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Consumers send mixed signals as confidence declines in January
The Conference Board found that consumer views of the current economic situation is improving, but they aren't as optimistic about the next six months.
U.S. consumer confidence declined in January as concerns about the economy over the next year clouded their thinking.
The news: The Conference Board Consumer Confidence Index fell in January to 107.1, down from an upwardly revised 109 in December.
But there’s nuance between how consumers view today and the next year. Consumers’ view of the present economic situation and labor market conditions ticked up. The fall in optimism was observed in the short-term outlook, indicating there are concerns about where the economy is heading in the next six months.
“Consumers were less upbeat about the short-term outlook for jobs,” said Ataman Ozyildirim, senior director of economics at The Conference Board. “They also expect business conditions to worsen in the near term. Despite that, consumers expect their incomes to remain relatively stable in the months ahead.”
Purchasing plans were another area of mixed messages. Consumers held steady in their thinking about buying autos and appliances, but fewer consumers are planning to buy a home.
On inflation, expectations ticked up. Consumers now see inflation at 6.8% over the next year, as opposed to 6.6% a month ago. Yet this is down from the peak of 7.9% observed in June 2022.
Key demographic stat: “Consumer confidence fell the most for households earning less than $15,000 and for households aged under 35,” said Ozyildirim.
It’s a reminder: This more difficult economic moment likely isn’t affecting everyone in the same way.
Trending in Economy
The US economy added 311K new jobs in February
The labor market is hot. Will the Fed do more to cool it off?
The U.S. economy continued to add new jobs in February, as the unemployment rate ticked up to 3.6%.
Data from the U.S. Bureau of Labor Statistics for February 2023 showed the following:
The economy added 311,000 new jobs, driven by gains in leisure and hospitality, retail trade, government, and health care.
Retail trade added 50,000 jobs in the month, driven by employment gains at general merchandise stores of 39,000.
Unemployment edged up to 3.6%.
Average hourly earnings rose by 8 cents, or 0.2%, to $33.09.
What it means for brands and retailers: In short, jobs are a key indicator of consumer demand, and they remain robust.
While the number of new jobs added was slightly below the 6-month average of 343,000 and January’s whopping gains of 504,000, the data provides another indication that the job market remains hot. Unemployment remains at historic lows, and has changed little over the last year despite ticking up slightly this month. Wages are still increasing, as well.
Overall, the jobs report keeps the narrative about the consumer picture the same: A healthy labor market is providing fuel to keep consumers spending, even as concerns about higher prices from inflation continue.What it means: In short, jobs are a key indicator of consumer demand, and they remain robust.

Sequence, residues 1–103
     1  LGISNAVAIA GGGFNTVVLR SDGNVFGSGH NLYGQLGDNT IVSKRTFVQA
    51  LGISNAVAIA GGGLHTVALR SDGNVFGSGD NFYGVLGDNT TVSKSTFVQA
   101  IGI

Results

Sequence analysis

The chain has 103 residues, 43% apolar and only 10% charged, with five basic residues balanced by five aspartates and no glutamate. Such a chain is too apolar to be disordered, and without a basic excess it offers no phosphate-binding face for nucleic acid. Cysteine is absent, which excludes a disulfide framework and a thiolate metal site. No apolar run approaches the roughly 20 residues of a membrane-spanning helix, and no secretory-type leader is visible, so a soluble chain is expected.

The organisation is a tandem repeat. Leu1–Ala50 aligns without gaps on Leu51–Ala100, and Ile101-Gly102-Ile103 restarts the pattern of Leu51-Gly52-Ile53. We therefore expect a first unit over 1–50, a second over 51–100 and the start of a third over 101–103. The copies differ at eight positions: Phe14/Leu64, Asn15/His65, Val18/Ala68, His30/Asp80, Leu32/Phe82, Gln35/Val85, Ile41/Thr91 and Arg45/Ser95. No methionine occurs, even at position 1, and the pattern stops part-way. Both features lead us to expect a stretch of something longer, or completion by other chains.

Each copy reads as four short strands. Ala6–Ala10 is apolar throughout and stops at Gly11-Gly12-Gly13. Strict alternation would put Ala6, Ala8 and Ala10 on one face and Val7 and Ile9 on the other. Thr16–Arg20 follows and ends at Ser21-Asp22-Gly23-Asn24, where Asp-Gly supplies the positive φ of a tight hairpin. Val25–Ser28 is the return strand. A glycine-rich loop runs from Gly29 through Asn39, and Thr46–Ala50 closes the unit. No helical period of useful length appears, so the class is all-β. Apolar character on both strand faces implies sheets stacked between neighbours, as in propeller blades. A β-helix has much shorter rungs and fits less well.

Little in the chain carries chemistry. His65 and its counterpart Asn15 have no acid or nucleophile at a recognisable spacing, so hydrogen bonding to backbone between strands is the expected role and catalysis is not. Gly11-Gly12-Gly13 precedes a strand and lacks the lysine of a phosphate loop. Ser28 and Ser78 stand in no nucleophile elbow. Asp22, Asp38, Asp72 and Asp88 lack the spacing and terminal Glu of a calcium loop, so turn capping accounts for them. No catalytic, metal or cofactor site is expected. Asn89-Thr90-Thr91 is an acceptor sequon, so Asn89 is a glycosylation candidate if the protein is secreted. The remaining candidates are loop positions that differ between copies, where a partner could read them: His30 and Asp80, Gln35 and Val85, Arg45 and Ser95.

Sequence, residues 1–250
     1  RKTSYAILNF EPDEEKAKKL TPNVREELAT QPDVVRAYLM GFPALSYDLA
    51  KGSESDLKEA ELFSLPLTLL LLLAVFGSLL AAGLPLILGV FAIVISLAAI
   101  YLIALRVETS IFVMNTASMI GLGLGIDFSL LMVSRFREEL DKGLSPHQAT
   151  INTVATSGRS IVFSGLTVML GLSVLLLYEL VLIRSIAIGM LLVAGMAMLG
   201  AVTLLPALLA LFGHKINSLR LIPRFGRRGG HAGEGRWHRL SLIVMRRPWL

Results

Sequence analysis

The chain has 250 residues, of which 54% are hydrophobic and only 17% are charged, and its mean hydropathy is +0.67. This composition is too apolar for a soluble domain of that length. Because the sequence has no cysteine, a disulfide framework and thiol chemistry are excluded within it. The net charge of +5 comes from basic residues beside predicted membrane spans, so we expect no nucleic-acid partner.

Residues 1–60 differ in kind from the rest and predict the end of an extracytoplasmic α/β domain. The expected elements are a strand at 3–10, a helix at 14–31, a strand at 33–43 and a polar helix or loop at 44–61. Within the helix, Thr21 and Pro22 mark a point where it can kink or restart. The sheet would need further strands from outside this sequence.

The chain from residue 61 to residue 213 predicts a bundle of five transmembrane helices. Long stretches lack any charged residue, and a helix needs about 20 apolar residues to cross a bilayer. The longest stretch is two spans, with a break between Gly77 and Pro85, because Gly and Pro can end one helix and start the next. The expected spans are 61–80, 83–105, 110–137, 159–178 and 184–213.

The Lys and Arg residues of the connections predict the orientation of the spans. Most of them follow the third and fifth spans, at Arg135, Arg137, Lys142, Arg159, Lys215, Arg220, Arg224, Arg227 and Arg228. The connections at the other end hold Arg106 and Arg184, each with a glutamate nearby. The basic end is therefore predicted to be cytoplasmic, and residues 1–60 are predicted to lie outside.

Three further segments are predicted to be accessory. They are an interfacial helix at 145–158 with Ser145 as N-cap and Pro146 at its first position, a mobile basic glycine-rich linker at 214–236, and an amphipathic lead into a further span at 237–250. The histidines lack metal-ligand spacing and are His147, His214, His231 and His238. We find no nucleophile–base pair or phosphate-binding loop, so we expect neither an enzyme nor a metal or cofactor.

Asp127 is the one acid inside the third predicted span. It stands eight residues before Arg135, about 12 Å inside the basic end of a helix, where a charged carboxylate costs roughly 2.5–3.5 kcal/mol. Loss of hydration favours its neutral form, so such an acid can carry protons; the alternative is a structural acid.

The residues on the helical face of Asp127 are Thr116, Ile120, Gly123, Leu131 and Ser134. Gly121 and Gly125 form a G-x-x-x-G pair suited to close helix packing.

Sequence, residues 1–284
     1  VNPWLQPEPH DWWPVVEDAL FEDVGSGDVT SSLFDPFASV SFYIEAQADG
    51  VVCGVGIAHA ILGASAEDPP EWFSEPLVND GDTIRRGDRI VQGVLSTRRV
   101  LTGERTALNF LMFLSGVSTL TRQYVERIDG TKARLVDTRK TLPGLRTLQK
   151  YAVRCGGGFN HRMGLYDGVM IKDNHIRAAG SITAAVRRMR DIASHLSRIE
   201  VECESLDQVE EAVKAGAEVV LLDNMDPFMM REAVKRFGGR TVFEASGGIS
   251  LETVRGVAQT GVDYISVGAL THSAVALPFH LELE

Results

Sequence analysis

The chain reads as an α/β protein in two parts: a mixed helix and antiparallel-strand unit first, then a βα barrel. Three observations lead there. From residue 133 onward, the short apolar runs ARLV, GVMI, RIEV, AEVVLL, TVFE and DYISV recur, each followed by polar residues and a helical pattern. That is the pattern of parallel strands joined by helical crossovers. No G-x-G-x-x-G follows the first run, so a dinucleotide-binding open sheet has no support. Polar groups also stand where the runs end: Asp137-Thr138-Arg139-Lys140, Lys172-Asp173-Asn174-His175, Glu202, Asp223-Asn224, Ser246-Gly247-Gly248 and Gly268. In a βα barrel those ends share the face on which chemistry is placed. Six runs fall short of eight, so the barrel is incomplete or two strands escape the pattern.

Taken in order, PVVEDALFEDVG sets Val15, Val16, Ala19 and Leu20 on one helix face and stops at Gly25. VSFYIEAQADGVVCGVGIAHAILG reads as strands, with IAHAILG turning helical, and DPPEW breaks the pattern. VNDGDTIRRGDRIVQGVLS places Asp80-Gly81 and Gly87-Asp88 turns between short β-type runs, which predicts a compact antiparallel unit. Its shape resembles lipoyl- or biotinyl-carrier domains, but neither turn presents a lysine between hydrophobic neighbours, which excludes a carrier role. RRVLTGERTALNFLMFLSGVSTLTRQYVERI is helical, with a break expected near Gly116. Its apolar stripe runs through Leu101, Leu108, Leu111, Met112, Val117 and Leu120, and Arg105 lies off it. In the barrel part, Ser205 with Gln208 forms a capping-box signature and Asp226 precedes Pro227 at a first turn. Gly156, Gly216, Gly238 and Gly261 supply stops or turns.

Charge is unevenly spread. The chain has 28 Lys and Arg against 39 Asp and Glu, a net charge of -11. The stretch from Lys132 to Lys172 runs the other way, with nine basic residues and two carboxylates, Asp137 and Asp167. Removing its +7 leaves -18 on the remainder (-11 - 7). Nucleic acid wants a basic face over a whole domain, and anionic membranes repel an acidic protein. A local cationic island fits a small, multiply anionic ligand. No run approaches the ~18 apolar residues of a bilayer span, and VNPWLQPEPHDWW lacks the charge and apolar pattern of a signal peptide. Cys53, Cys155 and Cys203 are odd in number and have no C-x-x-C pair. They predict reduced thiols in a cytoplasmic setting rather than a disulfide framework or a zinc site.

What it means for the Fed: This report could also influence how the Federal Reserve moves on interest rates, which are being hiked to bring inflation down and have the side effect of cooling demand.
The jobs report underscores the dual nature of any economic news at a time when high prices are continuing to put pressure on the economy as a whole. Economists are particularly concerned about data that showed consumer spending was up in January and global manufacturing output picked up in February. Put that together with the strong jobs report, and there are concerns that inflation will remain too hot, and the Fed will have no choice but to keep tightening to bring it down.
“Normally, a strong jobs report would be cause for celebration, but it can be hard to distinguish between ‘bad’ and ‘good’ economic news right now," said Joel Beal, CEO and CPG analyst at Alloy.ai. "Interest rate expectations are currently driving everything, so good economic numbers only increase the likelihood of higher interest rates, which escalates pessimism about future growth.”
In testimony before Congress this week, Chairman Jerome Powell said the central bank may consider returning to a faster rate increase of 0.5% after slowing down to 0.25% in February.
“The latest economic data have come in stronger than expected, which suggests that the ultimate level of interest rates is likely to be higher than previously anticipated,” Mr. Powell said before the Senate Banking Committee on Wednesday. “If the totality of the data were to indicate that faster tightening is warranted, we would be prepared to increase the pace of rate hikes.”
Another hot jobs report could bolster that case, but Powell said no final decision has yet been made.
In the bigger picture, Powell has suggested that it may be possible to bring down inflation without seeing unemployment rise. We'll get more data on whether that scenario is playing out when the government releases the latest Consumer Price Index next week.